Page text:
After various arrangements, it has been brought into a regular form. One or two ships depart annually from Acapulco, which are permitted to carry out silver to the amount of five hundred thousand pesosc; but they have hardly any thing else of value on board; in return for which, they bring back spices, drugs, china, and japan wares, calicoes, chintz, muslins, silks, and every precious article with which the benignity of the climate, or the ingenuity of its people, has enabled the East to supply the rest of the world. For some time the merchants of Peru were admitted to participate in this traffic, and might send annually a ship to Acapulco, to wait the arrival of the vessels from Manila, and receive a proportional share of the commodities which they imported. At length, the Edition: current; Page: [407] Peruvians were excluded from this trade by most rigorous edicts, and all the commodities from the East reserved solely for the consumption of New Spain.

In consequence of this indulgence, the inhabitants of that country enjoy advantages unknown in the other Spanish colonies. The manufactures of the East are not only more suited to a warm climate, and more showy than those of Europe, but can be sold at a lower price; while, at the same time, the profits upon them are so considerable, as to enrich all those who are employed, either in bringing them from Manila, or vending them in New Spain. As the interest both of the buyer and seller concurred in favouring this branch of commerce, it has continued to extend, in spite of regulations concerted with the most anxious jealousy to circumscribe it. Under cover of what the laws permit to be imported, great quantities of India goods are poured into the markets of New Spaind; and when the flota arrives at Vera Cruz from Europe, it often finds the wants of the people already supplied by cheaper and more acceptable commodities.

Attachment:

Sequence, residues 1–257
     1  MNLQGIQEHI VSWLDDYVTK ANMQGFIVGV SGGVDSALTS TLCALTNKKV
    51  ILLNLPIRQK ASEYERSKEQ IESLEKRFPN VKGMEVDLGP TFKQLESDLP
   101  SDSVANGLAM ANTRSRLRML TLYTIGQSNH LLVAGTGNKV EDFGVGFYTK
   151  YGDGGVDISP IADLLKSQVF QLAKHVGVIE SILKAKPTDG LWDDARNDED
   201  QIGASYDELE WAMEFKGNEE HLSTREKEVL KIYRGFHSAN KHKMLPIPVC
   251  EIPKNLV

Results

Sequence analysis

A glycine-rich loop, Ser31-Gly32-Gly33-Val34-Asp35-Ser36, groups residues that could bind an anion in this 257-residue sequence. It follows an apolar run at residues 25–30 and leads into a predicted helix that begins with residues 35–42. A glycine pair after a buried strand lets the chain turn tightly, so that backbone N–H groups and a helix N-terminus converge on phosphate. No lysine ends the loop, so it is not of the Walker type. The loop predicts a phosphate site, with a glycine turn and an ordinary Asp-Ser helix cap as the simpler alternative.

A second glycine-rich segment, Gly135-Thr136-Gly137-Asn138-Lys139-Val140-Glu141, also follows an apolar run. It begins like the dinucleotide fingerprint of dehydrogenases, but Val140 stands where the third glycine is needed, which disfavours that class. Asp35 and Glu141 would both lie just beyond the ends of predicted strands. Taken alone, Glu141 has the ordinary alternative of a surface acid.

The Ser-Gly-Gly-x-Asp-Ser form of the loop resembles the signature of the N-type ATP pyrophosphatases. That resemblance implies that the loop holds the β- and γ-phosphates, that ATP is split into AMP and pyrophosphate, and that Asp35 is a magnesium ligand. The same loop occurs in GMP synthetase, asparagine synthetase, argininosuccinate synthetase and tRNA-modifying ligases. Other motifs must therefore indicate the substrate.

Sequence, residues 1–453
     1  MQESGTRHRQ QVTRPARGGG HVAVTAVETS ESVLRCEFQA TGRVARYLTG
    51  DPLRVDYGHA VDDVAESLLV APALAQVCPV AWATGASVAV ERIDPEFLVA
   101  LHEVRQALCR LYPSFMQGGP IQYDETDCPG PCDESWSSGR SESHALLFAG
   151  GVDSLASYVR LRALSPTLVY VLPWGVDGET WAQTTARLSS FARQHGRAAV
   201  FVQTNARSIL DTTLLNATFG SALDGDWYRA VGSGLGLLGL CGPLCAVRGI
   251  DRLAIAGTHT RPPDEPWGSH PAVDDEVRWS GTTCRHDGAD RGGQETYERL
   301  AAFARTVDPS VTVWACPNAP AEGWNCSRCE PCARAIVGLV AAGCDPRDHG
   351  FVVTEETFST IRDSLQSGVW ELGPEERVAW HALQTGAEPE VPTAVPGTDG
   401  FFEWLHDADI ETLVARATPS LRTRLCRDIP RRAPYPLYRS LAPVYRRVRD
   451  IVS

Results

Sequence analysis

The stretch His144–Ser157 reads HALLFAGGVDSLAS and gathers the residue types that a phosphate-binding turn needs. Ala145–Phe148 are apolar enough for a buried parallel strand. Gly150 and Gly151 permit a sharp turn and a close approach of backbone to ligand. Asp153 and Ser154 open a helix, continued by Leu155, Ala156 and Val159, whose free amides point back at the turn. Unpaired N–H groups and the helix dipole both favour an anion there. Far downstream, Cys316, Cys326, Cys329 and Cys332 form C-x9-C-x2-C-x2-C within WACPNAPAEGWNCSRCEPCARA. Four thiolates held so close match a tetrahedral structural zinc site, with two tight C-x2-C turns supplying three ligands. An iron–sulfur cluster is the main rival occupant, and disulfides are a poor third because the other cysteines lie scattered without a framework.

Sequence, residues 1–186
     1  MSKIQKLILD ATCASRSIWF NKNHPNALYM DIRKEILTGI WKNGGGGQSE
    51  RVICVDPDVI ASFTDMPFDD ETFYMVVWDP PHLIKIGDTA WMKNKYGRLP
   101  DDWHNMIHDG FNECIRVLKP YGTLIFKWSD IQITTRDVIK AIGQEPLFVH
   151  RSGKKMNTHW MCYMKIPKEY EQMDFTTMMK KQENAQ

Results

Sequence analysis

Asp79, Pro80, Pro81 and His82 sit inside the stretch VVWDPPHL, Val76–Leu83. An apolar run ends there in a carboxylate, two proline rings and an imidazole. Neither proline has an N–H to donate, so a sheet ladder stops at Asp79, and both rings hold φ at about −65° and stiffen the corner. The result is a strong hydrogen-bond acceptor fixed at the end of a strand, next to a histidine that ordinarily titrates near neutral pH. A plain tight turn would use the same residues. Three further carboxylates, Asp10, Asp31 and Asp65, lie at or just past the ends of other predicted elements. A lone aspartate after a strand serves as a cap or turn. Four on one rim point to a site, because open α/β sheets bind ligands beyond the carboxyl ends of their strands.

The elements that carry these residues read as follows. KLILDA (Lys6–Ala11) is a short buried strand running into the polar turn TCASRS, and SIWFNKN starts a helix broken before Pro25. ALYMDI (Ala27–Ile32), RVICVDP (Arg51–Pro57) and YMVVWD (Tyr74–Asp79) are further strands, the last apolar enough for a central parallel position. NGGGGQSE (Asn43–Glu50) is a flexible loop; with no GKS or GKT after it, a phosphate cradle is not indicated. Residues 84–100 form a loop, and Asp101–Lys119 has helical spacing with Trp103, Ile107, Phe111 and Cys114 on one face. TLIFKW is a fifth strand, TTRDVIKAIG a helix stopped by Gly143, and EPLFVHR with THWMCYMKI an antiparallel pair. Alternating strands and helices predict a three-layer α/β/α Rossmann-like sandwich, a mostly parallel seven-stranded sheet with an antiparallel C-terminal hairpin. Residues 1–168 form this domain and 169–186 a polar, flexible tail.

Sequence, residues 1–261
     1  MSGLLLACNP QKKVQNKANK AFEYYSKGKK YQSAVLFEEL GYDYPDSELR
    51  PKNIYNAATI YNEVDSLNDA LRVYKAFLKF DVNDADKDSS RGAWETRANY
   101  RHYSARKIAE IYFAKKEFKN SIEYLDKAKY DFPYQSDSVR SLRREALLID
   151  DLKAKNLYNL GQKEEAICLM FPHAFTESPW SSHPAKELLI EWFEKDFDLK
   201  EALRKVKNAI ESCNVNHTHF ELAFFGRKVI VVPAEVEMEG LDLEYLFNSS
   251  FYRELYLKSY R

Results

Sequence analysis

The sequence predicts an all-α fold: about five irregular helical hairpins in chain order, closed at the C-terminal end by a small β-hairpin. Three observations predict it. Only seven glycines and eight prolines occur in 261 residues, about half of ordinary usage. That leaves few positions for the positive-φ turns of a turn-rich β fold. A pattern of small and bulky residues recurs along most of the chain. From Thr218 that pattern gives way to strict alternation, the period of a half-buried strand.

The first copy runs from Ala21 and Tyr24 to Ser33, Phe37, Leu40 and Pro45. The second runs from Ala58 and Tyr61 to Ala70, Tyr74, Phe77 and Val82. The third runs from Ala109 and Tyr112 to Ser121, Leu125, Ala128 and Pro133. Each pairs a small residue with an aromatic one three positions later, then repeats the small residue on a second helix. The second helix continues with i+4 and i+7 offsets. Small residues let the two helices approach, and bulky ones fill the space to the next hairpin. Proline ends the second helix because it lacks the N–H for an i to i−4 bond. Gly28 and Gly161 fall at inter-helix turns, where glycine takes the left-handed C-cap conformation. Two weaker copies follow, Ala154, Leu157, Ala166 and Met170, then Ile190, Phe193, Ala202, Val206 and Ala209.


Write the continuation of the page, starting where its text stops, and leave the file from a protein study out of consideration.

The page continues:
There is not, in the commercial arrangements of Spain, any circumstance more inexplicable than the permission of this trade between New Spain and the Philippines, or more repugnant to its fundamental maxim of holding the colonies in perpetual dependence on the mother country, by prohibiting any commercial intercourse that might suggest to them the idea of receiving a supply of their wants from any other quarter. This permission must appear still more extraordinary, from considering that Spain herself carries on no direct trade with her settlements in the Philippines, and grants a privilege to one of her American colonies, which she denies to her subjects in Europe. It is probable, that the colonists who originally took possession of the Philippines, having Edition: current; Page: [408] been sent out from New Spain, begun this intercourse with a country which they considered, in some measure, as their parent state, before the court of Madrid was aware of its consequences, or could establish regulations in order to prevent it. Many remonstrances have been presented against this trade, as detrimental to Spain, by diverting into another channel a large portion of that treasure which ought to flow into the kingdom, as tending to give rise to a spirit of independence in the colonies, and to encourage innumerable frauds, against which it is impossible to guard, in transactions so far removed from the inspection of government. But as it requires no slight effort of political wisdom and vigour to abolish any practice which numbers are interested in supporting, and to which time has added the sanction of its authority, the commerce between New Spain and Manila seems to be as considerable as ever, and may be considered as one chief cause of the elegance and splendour conspicuous in this part of the Spanish dominions.